As Ustad Zakir Hussain says in his foreword in the book, there is a lack of definitive, uniform methodology in the teaching of table. Author Sadanand Naimpalli, himself one of the fines maestros in the country today, takes up the challenge in Theory and Practice of Tabla for students of table everywhere. His book will make a student appreciate fully the language of one of the most versatile percussion instruments in the world its grammar, aesthetic, its powerful idioms and the sheer poetry and sophistication when handled by a competent player. The book is in two parts. Part One deals with theory history and terminology of table. Part Two deals with practice taals and bols. The book presents a comprehensive view of all the different schools and will be useful to beginners ad trained students alike.
Sadanand Naimpalli is an engineer by training and a musician by choice. A leading disciple of the legendary Guru Pandit Taranath, he is one of the leading tabla soloists and accompanists in the country today. He is a Top Grade artist of Akashwani and Doordarshan and a winner of several national awards. His workshops and lecture-demonstrations have made him one of the great educators of table. He also plays the pakhawaj.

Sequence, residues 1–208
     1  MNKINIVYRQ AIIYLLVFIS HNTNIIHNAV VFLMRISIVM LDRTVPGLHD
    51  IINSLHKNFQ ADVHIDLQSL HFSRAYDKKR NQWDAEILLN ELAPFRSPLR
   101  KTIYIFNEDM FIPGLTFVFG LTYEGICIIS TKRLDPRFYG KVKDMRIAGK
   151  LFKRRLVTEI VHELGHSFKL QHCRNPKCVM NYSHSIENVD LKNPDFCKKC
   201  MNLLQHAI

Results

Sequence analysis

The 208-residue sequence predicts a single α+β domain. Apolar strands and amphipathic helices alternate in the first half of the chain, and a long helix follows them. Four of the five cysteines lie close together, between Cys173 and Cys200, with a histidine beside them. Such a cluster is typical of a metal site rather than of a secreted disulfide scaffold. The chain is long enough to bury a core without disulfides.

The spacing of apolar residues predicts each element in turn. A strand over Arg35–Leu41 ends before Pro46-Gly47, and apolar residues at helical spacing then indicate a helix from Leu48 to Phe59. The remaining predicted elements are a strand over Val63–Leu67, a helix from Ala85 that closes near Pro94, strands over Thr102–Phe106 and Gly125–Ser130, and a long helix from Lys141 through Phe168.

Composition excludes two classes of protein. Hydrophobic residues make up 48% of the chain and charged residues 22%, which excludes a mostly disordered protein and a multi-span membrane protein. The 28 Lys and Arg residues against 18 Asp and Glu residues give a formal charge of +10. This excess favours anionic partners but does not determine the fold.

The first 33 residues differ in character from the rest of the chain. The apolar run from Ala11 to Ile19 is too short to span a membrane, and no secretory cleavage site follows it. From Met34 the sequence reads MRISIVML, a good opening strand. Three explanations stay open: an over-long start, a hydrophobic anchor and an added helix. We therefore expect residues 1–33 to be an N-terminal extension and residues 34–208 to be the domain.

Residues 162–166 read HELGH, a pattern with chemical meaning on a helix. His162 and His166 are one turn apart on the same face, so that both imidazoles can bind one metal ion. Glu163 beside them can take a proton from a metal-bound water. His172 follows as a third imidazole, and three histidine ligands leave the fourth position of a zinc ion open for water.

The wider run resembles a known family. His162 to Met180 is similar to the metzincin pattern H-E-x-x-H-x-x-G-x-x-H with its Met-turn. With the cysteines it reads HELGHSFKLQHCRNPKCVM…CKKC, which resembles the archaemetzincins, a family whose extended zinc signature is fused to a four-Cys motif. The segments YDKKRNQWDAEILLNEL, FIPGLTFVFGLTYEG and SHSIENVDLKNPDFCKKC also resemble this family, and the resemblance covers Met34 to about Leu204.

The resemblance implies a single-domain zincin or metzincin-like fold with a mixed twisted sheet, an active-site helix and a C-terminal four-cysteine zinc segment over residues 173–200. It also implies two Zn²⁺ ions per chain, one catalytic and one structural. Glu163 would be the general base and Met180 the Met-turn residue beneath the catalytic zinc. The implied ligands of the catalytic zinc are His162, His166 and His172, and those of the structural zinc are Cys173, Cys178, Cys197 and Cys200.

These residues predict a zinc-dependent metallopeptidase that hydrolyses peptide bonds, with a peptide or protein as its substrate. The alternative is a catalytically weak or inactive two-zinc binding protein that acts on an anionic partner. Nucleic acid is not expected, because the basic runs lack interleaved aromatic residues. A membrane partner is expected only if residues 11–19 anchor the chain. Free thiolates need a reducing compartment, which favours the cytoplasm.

One of the main concerns I have is about the lack of unification in the standardization of the teachings of tabla. Tabla is one of the youngest instruments in the field of North Indian Classical music and is still in the development stage. But the repertoire that is played on tabla is a mix of the pakhawaj compositions of the old tradition and compositions that have been recently written for tabla. By recent, I mean the last 150 odd years. The Ustads of the old times were illiterate and believed in the oral tradition of passing on the knowledge, because of that, most of the repertoire [hat was passed on went through subtle changes from generation to generation, both in its execution and its definition. This led to many interpretations of the repertoire creating confusion amongst the students. It is this confusion that Sadanand Naimpalli has very ably addressed in this book. He has not tried to take sides or offer his own opinion as the final one. Instead he has magnified and pointed to a suggestion that although the definitions of the syllabus differ, the basic execution of the compositions remain the same.